When you scroll through your newsfeed and you see everyone’s best moments presented as if those were their normal lived-in day-to-day moments, you feel it in the gut. The seed is planted that you are less-than and the pressure to have a perfect home and a perfect life and perfect children is compounded. And when you inevitably fall short of perfection? Well, then you just feel like a failure, which adds to your anxiety. Am I ruining my children? Am I failing in my role as their mother? Which leads directly to: how will they ever succeed in life with such a failure of a parent?

Ask any SAHM if she recognizes these feelings, these thoughts and she will—if she’s being honest and not trying to pretend to be perfect—nod her head emphatically. She might even cry, because like I said, this is real talk and real talk is hard and hurts.

There are a few things moms can do to avoid the funk of depression or to help if they find themselves already mired. These are tried and true suggestions, but nothing beats talking to your doctor if you haven’t yet. And none of these will single-handedly fix SAHM depression, but doing even one will lighten the load, and every little bit counts, right?

1. Exercise

I know, I know. When, right? Between housework and laundry and taking care of children and running errands who has time for exercise? But you really do owe it to yourself to try. It will help your brain and it will help your body. Just 20 minutes a day can make a huge difference. Whether it means waking up a little earlier or asking your partner to be the homework helper for the night or ordering in dinner, it’s worth it.

2. Sunshine and Fresh Air

For SAHMs, the sun sets before they know it and another day has gone by buried in housework or scrolling Facebook, getting pissed at people and feeling bad about yourself, only leaving to get in the car to drop the children off at school. Try to spend time outside every day. Take the children to the park. Walk around the yard. Just break the cycle of laundry>dishes>cleaning>diaper change, and go outside.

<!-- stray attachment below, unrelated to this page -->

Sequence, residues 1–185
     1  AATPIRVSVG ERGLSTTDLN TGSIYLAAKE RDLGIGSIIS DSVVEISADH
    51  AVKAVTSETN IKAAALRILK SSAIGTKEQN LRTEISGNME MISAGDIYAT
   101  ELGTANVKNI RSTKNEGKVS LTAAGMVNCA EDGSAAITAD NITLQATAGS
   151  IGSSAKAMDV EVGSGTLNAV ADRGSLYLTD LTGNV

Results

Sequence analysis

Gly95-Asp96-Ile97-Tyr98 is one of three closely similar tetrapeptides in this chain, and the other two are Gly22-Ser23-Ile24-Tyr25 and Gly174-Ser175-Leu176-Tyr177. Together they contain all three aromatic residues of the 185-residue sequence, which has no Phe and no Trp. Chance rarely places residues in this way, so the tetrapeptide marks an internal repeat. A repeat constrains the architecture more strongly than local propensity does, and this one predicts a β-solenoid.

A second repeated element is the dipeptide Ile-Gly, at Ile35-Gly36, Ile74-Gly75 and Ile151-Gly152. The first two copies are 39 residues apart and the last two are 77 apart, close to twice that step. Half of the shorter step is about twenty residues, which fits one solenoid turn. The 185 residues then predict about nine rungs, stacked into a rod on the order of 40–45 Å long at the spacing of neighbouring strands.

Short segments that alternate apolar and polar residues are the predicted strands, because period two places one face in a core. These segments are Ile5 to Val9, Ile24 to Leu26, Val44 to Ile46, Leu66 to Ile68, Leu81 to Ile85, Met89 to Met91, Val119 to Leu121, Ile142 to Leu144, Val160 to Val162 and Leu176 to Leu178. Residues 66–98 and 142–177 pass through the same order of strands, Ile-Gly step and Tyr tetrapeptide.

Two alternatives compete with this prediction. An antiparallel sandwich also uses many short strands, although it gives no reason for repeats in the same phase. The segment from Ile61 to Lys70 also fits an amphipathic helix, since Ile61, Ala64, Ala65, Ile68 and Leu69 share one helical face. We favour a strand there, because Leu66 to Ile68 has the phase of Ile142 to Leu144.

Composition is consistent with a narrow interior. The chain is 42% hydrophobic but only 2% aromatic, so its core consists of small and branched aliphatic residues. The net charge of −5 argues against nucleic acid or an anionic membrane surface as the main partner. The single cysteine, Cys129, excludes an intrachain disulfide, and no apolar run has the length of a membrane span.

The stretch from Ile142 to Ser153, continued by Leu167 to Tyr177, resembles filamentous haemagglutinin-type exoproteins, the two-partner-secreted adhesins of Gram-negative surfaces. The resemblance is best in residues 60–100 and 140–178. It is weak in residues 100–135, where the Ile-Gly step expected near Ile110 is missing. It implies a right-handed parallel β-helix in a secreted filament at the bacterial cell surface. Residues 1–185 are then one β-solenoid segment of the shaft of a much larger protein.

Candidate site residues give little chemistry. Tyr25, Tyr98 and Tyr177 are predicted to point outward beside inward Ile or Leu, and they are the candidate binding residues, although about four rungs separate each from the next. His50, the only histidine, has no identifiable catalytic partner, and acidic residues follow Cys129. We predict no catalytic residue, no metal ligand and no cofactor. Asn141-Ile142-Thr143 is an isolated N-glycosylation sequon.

3. Eat Better

Crappy food makes you feel like crap. You deserve better than half a leftover chicken nugget and some cold mac and cheese. You spend half your life at the grocery store anyway, pick up a few items for yourself. I understand you don’t have the time or energy to cook a fresh organic no preservatives meal every night, but that’s what the occasional Amy’s frozen meal and healthy snacks like carrots and hummus are for. And, healthy meals don’t have to be that hard to cook. Try one of those subscription plans like HelloFresh—they have great deals, so there really is no excuse.

4. Finding a Friend

Try to find a mom friend in a similar season of life. Having a friend who actually gets it and doesn’t just nod and cluck is beyond helpful, it’s good for the soul. Mommy boards and Facebook groups come in handy when it comes to finding a friend, but SAHMs are known to frequent daytime gym classes (if they can get themselves out of the house), so try some out and kill two birds with one stone.

Kristi is a freelance writer and mother who spends most of her time caring for people other than herself. She is frequently exhausted and compensates with an intense caffeine addiction.